5 Keys To Increasing Your Interpersonal Skills
Whether you’re after your first job or a promotion, your interpersonal skills will be a deciding factor in getting what you want. Most people think that they’re either born with these skills or they’re not. This is a misconception. Like anything, interpersonal skills have to be developed—they have to be practiced. The key to increasing your interpersonal skills is to improve your expressiveness, sensitivity, calibration, presence, and clarity. Sharpen the following 5 skills and you’ll never feel awkward during a job interview, or any other situation, again:
1. Be open and expressive.
A good gauge of how expressive you are is how easily (and how often) you strike up conversations with strangers for no reason at all. Striking up conversations with strangers is also the best way to increase your expressiveness. Your goal should be to convey your feelings easily to other people without making them uncomfortable. The best way to do this is to express yourself in a way that makes other people feel happy, positive and excited. The key is to express yourself using your body, not your words.
Studies by Dr. Alex Pentland at the MIT Human Dynamic Labs show that people who incorporate lots of the unconscious gestures and expressions are more likable. Dr. Pentland developed a gadget called the sociometer that detects and measures likable actions by tracking speech patterns and bodily movement. People who talk fast, use bold mannerisms, and have high energy levels were found to be more likable and more persuasive.
2. Be sensitive to the situation.
People with strong interpersonal skills are able to read other people easily. They are able to feel out a room, so to speak, much more quickly and accurately than the average person. In other words, they are more sensitive to situations. There are two ways to increase your sensitivity to situations and to other groups of people. The first way is as simple as it is surprising—reading fiction. Studies at the New School of Social Research in New York found that reading literary fiction (like War & Peace or David Copperfield) increases sensitivity by improving your ability to detect and understand other people’s emotions better and faster. Reading literary fiction also increases your ability to navigate social networks easier.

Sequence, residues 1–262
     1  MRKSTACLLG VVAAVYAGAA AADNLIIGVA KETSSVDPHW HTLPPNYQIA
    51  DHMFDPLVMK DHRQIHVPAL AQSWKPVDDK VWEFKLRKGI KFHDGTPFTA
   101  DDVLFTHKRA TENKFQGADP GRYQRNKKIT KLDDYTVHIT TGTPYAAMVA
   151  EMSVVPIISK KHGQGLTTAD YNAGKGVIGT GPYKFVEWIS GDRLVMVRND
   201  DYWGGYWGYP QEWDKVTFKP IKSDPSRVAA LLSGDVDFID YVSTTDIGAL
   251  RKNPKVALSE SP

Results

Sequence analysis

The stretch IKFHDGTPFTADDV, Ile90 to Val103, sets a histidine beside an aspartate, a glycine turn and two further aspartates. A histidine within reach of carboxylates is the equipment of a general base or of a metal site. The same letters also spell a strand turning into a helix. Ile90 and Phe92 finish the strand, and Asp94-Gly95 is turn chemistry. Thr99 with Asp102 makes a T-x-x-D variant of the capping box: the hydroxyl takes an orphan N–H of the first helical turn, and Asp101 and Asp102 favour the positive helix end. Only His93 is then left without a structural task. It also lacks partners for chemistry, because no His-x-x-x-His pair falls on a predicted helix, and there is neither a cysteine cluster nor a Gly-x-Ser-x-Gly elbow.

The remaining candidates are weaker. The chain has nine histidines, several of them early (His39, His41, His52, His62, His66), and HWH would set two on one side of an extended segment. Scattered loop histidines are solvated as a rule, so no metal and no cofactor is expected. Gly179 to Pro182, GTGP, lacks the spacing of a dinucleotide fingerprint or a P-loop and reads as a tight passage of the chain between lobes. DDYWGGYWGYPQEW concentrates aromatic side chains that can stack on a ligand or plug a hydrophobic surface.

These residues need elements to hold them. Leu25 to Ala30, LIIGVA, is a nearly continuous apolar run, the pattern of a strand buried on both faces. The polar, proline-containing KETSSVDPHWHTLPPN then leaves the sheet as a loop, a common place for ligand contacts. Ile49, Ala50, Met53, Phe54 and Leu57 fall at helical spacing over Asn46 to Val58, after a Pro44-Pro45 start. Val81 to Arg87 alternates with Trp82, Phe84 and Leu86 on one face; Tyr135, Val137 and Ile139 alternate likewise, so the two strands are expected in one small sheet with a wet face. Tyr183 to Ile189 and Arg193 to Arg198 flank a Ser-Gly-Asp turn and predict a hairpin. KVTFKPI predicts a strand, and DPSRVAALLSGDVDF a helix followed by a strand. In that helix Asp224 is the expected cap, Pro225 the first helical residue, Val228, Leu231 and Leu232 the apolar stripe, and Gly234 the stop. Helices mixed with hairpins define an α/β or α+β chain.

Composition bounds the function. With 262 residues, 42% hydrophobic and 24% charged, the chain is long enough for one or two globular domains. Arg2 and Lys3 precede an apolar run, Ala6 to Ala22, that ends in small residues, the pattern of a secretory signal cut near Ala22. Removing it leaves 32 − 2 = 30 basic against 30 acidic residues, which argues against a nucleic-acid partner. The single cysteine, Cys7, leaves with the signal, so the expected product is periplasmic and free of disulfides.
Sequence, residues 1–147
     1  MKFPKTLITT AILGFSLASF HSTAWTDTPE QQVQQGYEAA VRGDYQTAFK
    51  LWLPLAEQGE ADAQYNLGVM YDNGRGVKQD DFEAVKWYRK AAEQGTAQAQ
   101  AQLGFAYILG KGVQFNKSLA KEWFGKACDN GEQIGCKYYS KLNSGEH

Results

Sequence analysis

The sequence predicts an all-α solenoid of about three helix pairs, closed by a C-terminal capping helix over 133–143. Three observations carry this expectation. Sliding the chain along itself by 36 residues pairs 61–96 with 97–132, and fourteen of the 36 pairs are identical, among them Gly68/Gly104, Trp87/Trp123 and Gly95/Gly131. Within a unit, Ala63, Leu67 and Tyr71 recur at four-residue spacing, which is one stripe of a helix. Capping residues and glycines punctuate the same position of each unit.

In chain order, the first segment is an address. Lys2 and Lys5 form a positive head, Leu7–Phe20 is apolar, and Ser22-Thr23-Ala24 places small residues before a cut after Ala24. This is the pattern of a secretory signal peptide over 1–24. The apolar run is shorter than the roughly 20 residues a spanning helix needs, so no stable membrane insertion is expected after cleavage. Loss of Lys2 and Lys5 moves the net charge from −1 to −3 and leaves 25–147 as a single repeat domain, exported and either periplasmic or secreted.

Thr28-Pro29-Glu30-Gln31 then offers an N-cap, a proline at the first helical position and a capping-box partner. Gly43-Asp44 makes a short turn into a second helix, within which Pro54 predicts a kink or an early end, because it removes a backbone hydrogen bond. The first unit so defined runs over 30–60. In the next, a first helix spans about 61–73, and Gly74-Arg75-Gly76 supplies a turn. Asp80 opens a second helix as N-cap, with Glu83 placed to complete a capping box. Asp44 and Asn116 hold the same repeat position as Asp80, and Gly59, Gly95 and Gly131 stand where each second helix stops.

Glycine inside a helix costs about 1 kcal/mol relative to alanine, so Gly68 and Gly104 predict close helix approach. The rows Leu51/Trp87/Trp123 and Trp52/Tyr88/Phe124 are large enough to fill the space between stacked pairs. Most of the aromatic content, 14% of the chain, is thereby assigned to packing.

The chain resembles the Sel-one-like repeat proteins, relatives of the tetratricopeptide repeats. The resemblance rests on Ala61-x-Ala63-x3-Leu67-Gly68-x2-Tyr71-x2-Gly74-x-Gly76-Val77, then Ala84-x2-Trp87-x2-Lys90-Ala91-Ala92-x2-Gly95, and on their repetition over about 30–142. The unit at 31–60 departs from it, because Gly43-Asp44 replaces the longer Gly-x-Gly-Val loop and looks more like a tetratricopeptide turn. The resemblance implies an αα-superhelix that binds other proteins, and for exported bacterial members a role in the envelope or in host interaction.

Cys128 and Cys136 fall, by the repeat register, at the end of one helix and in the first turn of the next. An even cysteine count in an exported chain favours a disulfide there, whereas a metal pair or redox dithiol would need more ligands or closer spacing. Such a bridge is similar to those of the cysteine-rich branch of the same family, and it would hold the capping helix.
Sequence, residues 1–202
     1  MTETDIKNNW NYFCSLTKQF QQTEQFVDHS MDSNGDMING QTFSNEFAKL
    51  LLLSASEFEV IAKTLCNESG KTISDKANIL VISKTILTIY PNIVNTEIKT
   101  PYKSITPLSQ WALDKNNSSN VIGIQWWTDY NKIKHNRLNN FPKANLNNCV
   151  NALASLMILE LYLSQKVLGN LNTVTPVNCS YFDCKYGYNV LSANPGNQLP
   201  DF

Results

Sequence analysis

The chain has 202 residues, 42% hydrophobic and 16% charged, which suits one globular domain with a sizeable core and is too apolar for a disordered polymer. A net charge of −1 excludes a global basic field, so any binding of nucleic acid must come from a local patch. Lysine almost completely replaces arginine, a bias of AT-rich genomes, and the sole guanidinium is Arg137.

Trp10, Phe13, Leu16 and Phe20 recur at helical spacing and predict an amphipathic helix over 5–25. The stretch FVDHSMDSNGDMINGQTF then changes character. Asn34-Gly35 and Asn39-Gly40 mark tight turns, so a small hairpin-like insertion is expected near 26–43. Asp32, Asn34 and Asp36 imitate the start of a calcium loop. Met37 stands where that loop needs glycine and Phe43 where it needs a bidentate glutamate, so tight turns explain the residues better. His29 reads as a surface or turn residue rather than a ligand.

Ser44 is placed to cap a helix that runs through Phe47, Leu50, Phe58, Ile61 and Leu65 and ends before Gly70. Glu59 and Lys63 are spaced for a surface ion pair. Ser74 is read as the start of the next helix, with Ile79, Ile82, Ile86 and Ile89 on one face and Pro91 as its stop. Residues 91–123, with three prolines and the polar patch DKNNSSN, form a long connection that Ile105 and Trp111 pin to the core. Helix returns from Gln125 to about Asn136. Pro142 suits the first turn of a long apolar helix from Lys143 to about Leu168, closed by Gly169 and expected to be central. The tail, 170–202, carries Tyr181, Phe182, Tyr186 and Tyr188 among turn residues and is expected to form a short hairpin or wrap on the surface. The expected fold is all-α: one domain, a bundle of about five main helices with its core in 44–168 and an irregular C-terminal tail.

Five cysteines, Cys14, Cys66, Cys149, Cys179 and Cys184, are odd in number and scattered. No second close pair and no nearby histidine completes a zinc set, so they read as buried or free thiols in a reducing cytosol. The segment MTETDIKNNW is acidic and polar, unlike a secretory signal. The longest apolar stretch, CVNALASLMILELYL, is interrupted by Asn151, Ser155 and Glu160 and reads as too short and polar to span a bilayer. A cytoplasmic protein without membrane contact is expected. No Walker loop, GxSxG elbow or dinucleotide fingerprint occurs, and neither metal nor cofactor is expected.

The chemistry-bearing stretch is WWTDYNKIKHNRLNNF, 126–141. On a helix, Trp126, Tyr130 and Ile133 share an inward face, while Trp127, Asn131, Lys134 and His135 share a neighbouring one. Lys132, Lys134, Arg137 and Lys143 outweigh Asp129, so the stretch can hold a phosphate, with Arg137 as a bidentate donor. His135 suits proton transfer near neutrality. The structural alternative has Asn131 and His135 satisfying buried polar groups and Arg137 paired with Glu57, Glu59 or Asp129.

The second way to increase your sensitivity levels is through Neurolinguistic Programming. NLP is a broad field you could spend your entire life studying. But for this point, there are only a couple of things you should focus on. Number one, try to figure out as quickly as possible if the people you interact with are moving-toward oriented or moving-away from oriented. In other words, are they driven by seeking pleasure or by avoiding pain? You can figure this out quickly by asking them about their future plans or goals for their company and then listening carefully to the words they use to describe what they want.
Number two, pay attention to the direction of other people’s eyes when you ask them questions. This will help you determine if they are audio, visual, or kinetic learners. It will also give you insight into whether they are drawing upon their memories for an answer or constructing an answer from scratch. Once you know how someone learns, you can relate to them better and once you know where they’re getting their information (from memory or construction) you can influence their behavior in a positive way.
3. Calibrate yourself to the situation.
Calibration describes the ability to adjust your persona to match the mood and social makeup of any group. Once you’ve correctly sensed the mood of a situation, you have to adjust yourself to it. Most people walk into a room, sense something is wrong or different, and then go on acting as if everything is normal. This is a mistake and can damage not only your personal life, but your career too.